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Will iPhone 4 usher in era of video calls?

John D. Sutter
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Video calling revolutionizes new iPhone 4
STORY HIGHLIGHTS
  • Latest iPhone features a front-facing camera, making it easier to place video calls
  • Skeptics think technical issues, cultural differences will make video calls a tough sell
  • Apple devotees say video calls will work because company is the best at simplifying things

San Francisco, California (CNN) -- Are the futuristic days of "The Jetsons" upon us?

Apple CEO Steve Jobs sure thinks so.

In a keynote address on Monday at Apple's Worldwide Developers Conference, Jobs announced that Apple is going to try to popularize mobile video calls in the U.S.

"I grew up here in the U.S. with 'The Jetsons' and 'Star Trek' and communicators, and just dreaming about this -- dreaming about video calling," he said. "And it's real now."

The reason Jobs is so excited about video calls now? The iPhone 4.

The just-announced phone, which goes on sale on June 24, is tricked out with new features that aim to make video calls easier to place.

A front-facing camera, for instance, captures your face while you make the call. Since you can still see the screen, you know if you're visible to friends or not. You can see the person you're calling at the same time. A new bit of software called "FaceTime" also lets you place a video call with a single click, straight from your contacts list. Older models of video calling required subscriptions and sever log-ins, which Jobs considers cumbersome.

Other phones, including the HTC Evo, which went on sale Friday, are touting video conferencing and front-facing cameras as breakaway features, too.

Still, it remains far from clear whether video calls will jump out of cartoons and into everyday America life.

For one thing, some technical barriers still remain.

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The iPhone 4 will only place video calls to another iPhone 4 -- not to any other type of phone, even another iPhone model, and not to a laptop or desktop computer.

Jobs says Apple will ship tens of millions of iPhone 4s this year, "so there's going to be a lot of people to talk to." But not everyone sees it that way. Robert Scoble, a well-known tech pundit and blogger, said that even if he gets an iPhone 4, which he's not entirely sure about, he doesn't think everyone in his family will have one.

That makes video conferencing less useful, he said.

Another issue is connectivity. The iPhone 4 only will make video calls over Wi-Fi networks, not over AT&T's cellular 3G network, which all of its users must subscribe to. That limits the number of places people can place video calls from.

"You're rarely in a nice Wi-Fi situation," especially if you travel frequently, Scoble said.

Other hurdles are cultural. In Europe and Asia, mobile video calls have been available for some time. But nobody uses them in France, said Julien Guillot, editor of the French technology news site 01net.com, simply because they make less sense than text messages and voice calls. "It works, but you never use it," he said. "What's the point?"

Guillot also said it is "very disappointing" that Apple is only bringing video conferencing to Wi-Fi, since it's been available on 3G networks in France since 2005.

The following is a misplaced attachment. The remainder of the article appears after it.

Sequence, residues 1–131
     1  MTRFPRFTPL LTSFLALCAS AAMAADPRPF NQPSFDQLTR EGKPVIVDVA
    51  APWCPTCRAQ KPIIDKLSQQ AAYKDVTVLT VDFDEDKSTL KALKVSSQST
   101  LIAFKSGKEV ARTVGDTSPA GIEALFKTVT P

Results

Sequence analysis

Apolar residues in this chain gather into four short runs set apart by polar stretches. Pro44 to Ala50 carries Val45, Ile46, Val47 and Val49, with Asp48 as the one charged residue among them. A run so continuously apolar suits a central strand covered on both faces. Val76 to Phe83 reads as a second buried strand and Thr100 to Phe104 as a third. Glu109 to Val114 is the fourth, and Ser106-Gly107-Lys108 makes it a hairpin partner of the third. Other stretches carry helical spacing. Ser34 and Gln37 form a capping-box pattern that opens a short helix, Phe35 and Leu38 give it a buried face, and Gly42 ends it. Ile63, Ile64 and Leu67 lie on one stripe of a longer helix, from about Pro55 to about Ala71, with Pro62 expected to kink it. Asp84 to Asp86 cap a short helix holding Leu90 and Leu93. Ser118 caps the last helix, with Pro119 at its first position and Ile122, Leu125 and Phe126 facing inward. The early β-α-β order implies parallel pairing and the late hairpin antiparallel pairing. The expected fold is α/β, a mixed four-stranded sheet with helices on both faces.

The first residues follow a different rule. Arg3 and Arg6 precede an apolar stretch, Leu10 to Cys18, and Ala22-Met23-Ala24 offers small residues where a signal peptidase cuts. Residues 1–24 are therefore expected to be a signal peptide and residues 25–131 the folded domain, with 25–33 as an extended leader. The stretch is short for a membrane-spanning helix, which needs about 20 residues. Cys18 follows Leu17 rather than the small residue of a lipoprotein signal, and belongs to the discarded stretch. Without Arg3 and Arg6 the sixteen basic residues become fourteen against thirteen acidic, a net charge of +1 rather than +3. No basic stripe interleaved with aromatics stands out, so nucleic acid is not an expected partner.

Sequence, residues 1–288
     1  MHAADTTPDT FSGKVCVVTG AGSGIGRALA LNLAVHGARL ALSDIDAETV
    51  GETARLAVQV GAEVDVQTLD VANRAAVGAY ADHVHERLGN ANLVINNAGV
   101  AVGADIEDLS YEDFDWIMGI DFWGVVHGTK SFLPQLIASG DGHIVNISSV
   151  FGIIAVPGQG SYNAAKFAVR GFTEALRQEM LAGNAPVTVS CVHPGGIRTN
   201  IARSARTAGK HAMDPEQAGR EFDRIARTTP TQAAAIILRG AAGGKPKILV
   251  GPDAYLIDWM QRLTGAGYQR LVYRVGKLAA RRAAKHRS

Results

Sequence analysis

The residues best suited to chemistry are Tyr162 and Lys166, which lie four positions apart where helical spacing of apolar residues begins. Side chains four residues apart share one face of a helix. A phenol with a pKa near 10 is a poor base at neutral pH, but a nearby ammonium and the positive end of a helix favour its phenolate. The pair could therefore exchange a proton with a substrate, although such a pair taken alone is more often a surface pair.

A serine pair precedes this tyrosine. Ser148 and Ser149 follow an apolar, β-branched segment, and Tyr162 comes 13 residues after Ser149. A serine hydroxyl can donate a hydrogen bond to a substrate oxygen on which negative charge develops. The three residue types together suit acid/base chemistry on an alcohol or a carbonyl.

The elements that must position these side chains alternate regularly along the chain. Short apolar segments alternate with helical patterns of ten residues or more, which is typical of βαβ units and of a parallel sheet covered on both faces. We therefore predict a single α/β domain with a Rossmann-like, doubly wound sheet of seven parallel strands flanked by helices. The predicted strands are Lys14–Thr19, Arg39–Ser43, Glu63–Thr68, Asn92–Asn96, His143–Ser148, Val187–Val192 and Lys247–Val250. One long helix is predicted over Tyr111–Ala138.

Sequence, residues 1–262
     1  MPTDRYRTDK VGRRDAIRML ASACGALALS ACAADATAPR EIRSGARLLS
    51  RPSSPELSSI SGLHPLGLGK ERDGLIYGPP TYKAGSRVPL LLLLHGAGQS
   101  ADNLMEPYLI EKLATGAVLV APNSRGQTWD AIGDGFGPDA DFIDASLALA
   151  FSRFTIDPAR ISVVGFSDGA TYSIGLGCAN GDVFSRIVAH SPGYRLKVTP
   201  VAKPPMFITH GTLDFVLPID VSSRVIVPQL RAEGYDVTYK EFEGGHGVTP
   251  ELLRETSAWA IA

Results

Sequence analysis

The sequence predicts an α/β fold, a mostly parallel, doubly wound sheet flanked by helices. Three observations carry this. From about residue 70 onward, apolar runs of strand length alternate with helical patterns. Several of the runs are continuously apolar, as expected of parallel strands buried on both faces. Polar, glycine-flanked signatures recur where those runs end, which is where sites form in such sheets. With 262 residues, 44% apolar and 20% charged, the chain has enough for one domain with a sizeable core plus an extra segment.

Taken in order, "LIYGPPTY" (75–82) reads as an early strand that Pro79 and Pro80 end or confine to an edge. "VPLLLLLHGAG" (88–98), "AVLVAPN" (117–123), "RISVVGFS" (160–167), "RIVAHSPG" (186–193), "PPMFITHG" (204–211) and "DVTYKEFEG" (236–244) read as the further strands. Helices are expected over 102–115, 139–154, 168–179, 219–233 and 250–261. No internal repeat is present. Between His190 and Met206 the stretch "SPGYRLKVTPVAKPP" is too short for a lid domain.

Ryan Block, founder of the gadget site gdgt.com, said it doesn't make sense for people to go walking around town holding their phones in front of their faces so they can video chat.

"When you go like that," he said, putting his phone out in front of his face, "you're not going to be able to do anything with your other hand."

The video calls may work for rare "intimate" moments between family members, but not for business calls and not on a daily basis, Block said. The front-facing camera on the iPhone 4 will be more useful for taking self-portraits and shooting YouTube videos, he said.

Others are more optimistic, saying that video conferencing has failed in the past because it's difficult. And since Apple tends to simplify things, the logic goes, the iPhone 4 will finally be the gadget to popularize video calls.

"It'll be one of those things that you didn't think you needed until Apple told you you needed it," said Joshua Topolsky, editor-in-chief of Engadget, a gadget blog.

"This is Apple at its finest," said Van Baker, an analyst at Gartner.

CNN asked its @cnntech Twitter followers if they would make mobile video calls. Many said they would. @LNjones wrote: "I travel for work every other week. FaceTime would help me keep in touch w/ hubby without having to use Skype. Convenient!"

"Totally," wrote a user called @DVDsnapshot. "When the wife or myself are out of town traveling, what a great way to say hi to the kids!"

Perhaps the best argument for video calls came in a promotional video Apple played during Jobs' keynote address here. The video showed a number of scenarios where, ostensibly, video calling would be superior to a voice call or a text message. In one scene, a couple uses visual sign language to talk. In another, a woman who's getting an ultrasound video chats with a teary-eyed soldier in a far-away place. Another clip shows two teenage girls chattering away while showing each other new pairs of shoes.

"People will want to do this kind of stuff more and more," said Scoble, the blogger who's skeptical about the Wi-Fi connections of these calls.

Michael Gartenberg, a partner at the research firm Altimeter, said the iPhone 4's video call capability will be a selling point. "People are going to go 'Ahhh! I want that!'" he said.

[TECH: NEWSPULSE]

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